The Consumer Financial Protection Bureau’s proposed mortgage foreclosure moratorium is unnecessary, overbroad, and unconstitutional, Elizabeth Young LaBerge, the Credit Union National Association’s senior director of advocacy and counsel told the agency Monday.
“The Bureau should very seriously reconsider whether it has the legal authority to issue this moratorium and, if so, whether doing so violates the constitutional rights of the financial institutions the bureau regulates,” she wrote, in a letter commenting on the proposed moratorium.
The CFPB has proposed placing a moratorium on foreclosures on primary residences that would last until the end of 2021. The proposal only would impact financial institutions with more than 5,000 mortgages.
The National Association of Federally-Insured Credit Union officials also sent a letter to the CFPB opposing the moratorium but did not accuse agency officials of violating the law.
In her letter, Young LaBerge said that delaying foreclosure would lengthen the period of delinquency, making it more difficult for borrowers to recover.
“It appears that the Bureau’s goal is simply to stop any foreclosures for a few more months during which increasing vaccination rates and economic improvements will better situate more borrowers to qualify for workouts and avoid foreclosures,” she wrote.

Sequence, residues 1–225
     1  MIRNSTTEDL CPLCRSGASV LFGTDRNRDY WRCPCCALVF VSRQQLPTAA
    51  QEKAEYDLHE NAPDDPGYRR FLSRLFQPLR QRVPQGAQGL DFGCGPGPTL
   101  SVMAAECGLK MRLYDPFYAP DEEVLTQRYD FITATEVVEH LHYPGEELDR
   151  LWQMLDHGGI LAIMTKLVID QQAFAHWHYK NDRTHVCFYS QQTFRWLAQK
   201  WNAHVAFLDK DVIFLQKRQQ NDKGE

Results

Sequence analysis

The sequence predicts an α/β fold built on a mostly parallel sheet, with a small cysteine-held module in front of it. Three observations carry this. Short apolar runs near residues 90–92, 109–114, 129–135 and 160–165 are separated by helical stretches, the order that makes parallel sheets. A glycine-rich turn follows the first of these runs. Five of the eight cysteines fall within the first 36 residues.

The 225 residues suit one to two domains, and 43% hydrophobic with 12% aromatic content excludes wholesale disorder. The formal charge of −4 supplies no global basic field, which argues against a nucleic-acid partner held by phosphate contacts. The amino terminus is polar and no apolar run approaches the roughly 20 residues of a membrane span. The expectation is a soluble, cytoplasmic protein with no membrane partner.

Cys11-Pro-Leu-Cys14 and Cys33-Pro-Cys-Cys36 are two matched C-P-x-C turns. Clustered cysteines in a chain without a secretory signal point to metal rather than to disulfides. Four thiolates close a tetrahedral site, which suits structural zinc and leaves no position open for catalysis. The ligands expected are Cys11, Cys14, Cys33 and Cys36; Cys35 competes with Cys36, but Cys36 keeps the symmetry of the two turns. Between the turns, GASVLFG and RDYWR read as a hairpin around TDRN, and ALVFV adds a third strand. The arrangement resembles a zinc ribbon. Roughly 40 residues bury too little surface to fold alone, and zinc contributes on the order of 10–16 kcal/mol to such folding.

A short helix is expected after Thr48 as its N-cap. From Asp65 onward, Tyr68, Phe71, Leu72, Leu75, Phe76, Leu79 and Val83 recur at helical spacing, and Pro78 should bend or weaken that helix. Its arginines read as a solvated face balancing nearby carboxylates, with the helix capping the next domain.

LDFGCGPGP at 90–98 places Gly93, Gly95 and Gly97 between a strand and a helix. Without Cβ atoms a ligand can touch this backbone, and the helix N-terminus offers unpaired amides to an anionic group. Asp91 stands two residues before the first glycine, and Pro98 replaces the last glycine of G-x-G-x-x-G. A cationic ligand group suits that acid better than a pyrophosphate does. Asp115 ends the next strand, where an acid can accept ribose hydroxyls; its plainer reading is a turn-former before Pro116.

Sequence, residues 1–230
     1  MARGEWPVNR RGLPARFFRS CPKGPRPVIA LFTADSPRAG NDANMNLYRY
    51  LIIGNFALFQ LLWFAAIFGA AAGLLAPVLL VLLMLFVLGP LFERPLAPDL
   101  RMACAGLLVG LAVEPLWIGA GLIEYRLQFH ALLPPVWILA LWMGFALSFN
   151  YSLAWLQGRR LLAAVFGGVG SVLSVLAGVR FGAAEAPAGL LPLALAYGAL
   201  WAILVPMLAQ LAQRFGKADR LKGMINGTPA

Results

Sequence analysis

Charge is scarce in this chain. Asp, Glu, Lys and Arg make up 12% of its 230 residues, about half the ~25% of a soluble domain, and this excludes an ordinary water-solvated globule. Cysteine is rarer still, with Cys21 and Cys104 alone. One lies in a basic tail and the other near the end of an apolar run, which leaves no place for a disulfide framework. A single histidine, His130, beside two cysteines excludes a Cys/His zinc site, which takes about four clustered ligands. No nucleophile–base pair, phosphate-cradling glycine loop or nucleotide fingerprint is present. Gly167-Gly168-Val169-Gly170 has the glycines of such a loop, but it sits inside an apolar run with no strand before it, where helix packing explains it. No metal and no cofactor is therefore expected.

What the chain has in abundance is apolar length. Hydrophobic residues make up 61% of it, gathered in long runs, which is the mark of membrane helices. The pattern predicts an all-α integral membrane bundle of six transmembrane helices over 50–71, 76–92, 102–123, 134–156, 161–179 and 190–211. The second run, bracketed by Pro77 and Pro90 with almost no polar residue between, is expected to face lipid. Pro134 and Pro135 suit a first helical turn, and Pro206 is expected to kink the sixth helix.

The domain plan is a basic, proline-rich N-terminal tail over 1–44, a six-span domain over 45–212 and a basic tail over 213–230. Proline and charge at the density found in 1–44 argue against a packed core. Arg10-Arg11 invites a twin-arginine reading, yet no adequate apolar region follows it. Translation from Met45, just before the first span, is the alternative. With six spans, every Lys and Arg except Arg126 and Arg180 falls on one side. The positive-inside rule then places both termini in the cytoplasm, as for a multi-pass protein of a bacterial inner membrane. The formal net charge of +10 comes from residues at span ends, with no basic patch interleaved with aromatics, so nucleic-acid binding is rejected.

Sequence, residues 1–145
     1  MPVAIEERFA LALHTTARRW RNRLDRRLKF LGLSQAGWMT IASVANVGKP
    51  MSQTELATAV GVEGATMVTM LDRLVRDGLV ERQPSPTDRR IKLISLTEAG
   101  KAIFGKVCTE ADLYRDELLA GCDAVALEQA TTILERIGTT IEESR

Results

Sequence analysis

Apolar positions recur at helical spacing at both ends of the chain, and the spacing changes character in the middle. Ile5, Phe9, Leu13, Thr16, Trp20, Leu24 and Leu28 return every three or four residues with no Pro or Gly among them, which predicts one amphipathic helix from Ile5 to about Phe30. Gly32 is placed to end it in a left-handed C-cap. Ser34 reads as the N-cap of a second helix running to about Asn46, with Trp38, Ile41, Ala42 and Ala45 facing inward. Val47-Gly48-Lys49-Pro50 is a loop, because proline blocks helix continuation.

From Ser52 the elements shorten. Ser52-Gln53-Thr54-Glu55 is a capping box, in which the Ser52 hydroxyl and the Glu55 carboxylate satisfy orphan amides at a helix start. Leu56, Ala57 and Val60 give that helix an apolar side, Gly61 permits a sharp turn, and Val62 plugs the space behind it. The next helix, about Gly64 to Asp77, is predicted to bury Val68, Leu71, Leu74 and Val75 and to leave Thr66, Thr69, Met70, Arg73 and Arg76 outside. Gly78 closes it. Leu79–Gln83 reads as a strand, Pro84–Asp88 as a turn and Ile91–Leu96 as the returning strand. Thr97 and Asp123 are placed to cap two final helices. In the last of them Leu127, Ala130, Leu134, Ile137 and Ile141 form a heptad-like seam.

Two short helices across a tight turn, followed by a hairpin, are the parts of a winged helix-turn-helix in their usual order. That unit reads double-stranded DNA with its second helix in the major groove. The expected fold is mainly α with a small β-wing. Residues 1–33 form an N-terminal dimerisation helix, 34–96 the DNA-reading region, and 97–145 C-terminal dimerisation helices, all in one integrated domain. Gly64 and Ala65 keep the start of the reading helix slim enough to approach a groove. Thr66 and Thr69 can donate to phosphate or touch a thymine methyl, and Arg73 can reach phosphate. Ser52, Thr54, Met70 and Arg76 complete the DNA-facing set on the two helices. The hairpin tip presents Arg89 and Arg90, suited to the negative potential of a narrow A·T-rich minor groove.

She added that the proposed rule restricts commercial speech and impedes access to the courts. She said that when servicers contact consumers about the consequences of non-payment, they are engaging in “non-deceptive commercial speech, which is protected by the First Amendment.” She noted that servicers also have a First Amendment right to petition the government, including access to federal courts.
In her letter, Kaley Schafer, NAFCU’s senior regulatory affairs counsel said that the moratorium would not help borrowers as intended and asked the bureau to provide explicit exceptions to the moratorium. “NAFCU encourages the Bureau to provide flexibility, where possible, in terms of documents that a credit union can provide to a member without triggering the first notice or filing,” she wrote. Schafer also said that the moratorium may cause liquidity problems for servicers.